"Hello Mr. Scheuch, what advice would you give to 30 year old Heimo Scheuch? What would you have liked to know earlier?" I'm not the type of guy who gives advices because I think everybody is well positioned to know what's best for herself or himself. But if I look back and what you were saying when I was 30 years old and and now I'm already 50, I'm turning 56 actually, so,..I'm getting old! But at 30 I think, it's important, that you..there's a lot of enthusiasm for doing things, being curious, being intrigued and interested. I think the only thing I would say as an advice to be patient. Sometimes when you are younger, you want to do everything in one day or in one hour. Things need to happen because they have to happen and you need to wait for the right moment, so this is I think..the priviledge of being a little bit more experienced is that you have patience - and this is something as a young one you don't have so much, but I would say, that would have been a little bit more helpful at that time being. Can you name a person, who has had a tremendous impact on you as a leader, maybe someone who has been a mentor to you, and why and how did this person impact your life? I would say there are 2 persons, and sorry if I say 2, but that's actually a fact, that have had a major impact on me. My beloved father who died a couple of years ago was a natural born leader. A leader in the sense that he had a difficult childhood, had to come out of this, he did his own sort of studies and how he sort of created his own life. But he have me a very good background in the sense of "Keep your two feet on the ground". He is somebody who is in close contact with nature, because nature forms us and gives us a lot of advice when you listen to it carefully and he gave me this, sort of opportunity to learn with him. And this is certainly the major part of my life. And the other one is my mother, because she is a caring woman! She is really keeping the family together and has great values. And in this lifetime it's so important to have values and she clearly, from a value of being honest, trust, respect, as I mentioned earlier, these are things, that she clearly lives in her life and she is so respectful and so caring, there's no better mother in the world than her. Which advice would you give your 18 year old self? An advice that would've saved yourself so much time? What would that be? I would say, you know, when I was 18 and we are talking here the years end of the 70ies, it was a completely different world. We didn't have smartphones. We didn't have the internet. We were not allowed to see so much TV, or watch TV. So for us it was a completely different lifestyle. Today being 18 is very very different. So again, I think here to be open minded, to reflect a little bit, to listen to others is very important. I think today, everybody has an opinion about everything and I think also young people should be open minded and respect what other people have to say and listen to them carefully, before they make their own judgement. I think this is important! Again another aspect, which in this changing world is very very critital is, to learn from others, to be open minded to other cultures, because as you know respect is very important these days. A lot of people are very quick in saying "Ah I respect", but then they turn around and it's the contrary. And when I talk about respect it's about culture, race, religion and social background - all of them are important. And then I think everybody at 18 is well adviced to do this, because it's really critical for the future of our society. Which advice would you give someone who isn't sure or happy with his current job? To take off a little while. To take a week or two off and spend a little time somewhere else and think about himself or herself and what really matters. And then make a decision afterwards. If you are not sure, that you do the right thing, take a little bit time, reflect and then take a decision. And it's never a bad decision, because a decision is important. Not just continue and just let it flow, but take a deliberate decision, either to continue and change certain things or say "Listen, this is not the right job, I move on!" Because as I said, life is short and you should enjoy every day and not just being frustrated or depressed. That's not the right way forward! What is your opinion on the subject of new work? We are talking about flexible working, remote working, the 4-days-week. Are all these implementable for Wienerberger, at least in the white collar area, and are there any steps planned already? Well I think it's very good that you mention this, because when we talk about Wienerberger, more than 19.000 colleagues working for Wienerberger today, I would say more or less 15.000 work in our factories. So flexible hours is a little difficult cause you have shifts to do and this responsibility to run our plants and therefore I think it's important to have here, obviously a lot of respect for them, because they work hard hours, hard work during the summer. It's very hot and also in winter it's also not the best working environment in some areas, so I think it's very important that we keep this in mind - as a manufacturing company. And we do a lot to improve their health and their safety and that should be top of the agenda. When we now move to, what you called the "white collar" or meaning administration, sales and other overhead structures, keep in mind that obviously, we already have a lot of remote working. Take for example a sales representative. She or he has to travel to see clients. He can't plan this in 20 hours or in 24 hours. There are some long hours as well, organised differently or late evenings, for example, when you sit with clients. So there is a lot of flexibility, yes and there must be because obviously you have a private life as well. So we need to be flexible and we need to have remote working, but I think it's only normal in a modern context to do so. Then, we have obviously familiy situations. You have obviously today a different family than you used to have: patchwork families, families that obviously with smaller or bigger grown up kids, you know also the pandemic has shown us, it's complex to manage this.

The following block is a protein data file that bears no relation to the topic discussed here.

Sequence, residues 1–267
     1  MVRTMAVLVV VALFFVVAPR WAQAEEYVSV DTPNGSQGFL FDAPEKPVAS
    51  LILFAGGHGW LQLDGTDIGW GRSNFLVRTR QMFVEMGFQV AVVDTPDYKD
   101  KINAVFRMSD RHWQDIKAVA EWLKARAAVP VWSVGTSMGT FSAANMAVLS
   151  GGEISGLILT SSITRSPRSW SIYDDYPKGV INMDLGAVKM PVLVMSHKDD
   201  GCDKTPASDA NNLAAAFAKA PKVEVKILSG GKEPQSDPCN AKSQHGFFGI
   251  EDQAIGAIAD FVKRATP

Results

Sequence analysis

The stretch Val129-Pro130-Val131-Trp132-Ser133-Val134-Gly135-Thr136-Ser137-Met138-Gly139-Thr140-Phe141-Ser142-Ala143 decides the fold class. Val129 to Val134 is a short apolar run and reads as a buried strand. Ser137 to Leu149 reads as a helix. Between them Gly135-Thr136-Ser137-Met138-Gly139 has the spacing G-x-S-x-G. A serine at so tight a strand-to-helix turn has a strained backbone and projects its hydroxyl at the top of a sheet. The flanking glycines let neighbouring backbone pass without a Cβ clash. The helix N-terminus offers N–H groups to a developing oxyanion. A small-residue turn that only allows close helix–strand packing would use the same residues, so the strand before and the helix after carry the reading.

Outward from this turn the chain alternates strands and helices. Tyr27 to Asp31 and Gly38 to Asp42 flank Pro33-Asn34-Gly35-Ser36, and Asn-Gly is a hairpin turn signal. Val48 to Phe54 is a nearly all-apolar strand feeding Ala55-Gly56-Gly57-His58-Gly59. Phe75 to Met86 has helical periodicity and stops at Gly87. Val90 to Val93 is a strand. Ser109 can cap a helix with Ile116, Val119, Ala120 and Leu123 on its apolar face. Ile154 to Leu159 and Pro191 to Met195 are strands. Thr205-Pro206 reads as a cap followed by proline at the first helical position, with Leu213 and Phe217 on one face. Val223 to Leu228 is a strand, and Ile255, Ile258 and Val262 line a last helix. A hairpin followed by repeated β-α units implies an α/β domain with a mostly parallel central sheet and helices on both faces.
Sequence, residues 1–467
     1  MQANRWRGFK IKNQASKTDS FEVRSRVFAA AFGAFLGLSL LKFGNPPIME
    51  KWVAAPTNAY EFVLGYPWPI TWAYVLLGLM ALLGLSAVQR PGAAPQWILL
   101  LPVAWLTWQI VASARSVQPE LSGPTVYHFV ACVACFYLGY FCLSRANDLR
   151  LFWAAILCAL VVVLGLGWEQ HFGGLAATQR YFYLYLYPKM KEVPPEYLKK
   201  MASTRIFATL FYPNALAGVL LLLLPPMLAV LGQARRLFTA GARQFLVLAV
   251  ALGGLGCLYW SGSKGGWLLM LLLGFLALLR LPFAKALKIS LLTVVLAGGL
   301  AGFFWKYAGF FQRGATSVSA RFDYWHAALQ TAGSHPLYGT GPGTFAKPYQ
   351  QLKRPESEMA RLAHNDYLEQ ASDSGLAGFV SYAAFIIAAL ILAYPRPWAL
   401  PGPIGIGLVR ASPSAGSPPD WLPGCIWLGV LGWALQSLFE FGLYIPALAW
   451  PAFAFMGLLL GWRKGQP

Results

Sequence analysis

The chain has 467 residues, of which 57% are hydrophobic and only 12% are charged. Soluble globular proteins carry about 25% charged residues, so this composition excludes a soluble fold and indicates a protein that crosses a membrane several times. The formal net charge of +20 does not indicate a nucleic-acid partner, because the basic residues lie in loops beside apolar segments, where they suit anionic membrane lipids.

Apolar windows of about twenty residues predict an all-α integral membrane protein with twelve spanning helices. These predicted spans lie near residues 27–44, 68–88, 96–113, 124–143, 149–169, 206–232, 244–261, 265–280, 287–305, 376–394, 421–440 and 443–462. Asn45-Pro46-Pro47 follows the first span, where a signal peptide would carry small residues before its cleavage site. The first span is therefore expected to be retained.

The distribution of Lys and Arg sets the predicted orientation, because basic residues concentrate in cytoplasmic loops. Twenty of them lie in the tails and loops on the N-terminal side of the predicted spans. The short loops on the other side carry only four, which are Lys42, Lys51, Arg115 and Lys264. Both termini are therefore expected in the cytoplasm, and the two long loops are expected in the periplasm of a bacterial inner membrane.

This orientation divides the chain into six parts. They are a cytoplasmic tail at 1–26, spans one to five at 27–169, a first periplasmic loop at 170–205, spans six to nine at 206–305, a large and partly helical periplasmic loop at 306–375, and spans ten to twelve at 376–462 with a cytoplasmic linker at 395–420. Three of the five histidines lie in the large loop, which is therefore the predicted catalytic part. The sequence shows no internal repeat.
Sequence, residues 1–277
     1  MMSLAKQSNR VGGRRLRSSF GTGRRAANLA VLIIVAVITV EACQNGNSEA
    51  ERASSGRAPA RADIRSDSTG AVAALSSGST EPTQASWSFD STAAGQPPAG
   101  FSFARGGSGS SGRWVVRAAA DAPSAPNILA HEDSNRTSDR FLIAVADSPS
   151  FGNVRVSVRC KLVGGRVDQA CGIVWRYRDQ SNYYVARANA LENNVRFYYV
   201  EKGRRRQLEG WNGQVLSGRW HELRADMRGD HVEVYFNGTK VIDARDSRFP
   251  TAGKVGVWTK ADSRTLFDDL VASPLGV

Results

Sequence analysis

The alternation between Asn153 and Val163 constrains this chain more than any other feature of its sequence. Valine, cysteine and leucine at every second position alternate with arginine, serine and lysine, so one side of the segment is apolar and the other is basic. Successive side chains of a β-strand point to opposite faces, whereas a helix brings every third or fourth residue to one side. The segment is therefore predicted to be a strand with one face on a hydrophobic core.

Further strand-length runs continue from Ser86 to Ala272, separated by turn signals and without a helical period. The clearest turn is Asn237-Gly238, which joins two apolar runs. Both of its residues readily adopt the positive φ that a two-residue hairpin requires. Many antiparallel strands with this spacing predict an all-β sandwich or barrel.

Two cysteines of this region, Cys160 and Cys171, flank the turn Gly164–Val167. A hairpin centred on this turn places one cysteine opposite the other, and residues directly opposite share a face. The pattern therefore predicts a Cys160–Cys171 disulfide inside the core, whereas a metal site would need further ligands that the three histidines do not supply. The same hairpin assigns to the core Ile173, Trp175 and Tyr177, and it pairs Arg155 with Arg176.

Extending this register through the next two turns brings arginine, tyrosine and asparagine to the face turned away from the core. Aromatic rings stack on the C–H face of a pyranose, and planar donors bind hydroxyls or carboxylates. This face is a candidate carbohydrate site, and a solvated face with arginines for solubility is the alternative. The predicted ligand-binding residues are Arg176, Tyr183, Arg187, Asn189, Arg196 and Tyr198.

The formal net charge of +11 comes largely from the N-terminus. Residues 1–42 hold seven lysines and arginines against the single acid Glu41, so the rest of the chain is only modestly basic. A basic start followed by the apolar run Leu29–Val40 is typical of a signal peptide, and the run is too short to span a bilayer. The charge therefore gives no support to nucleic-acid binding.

So we have to be more flexible: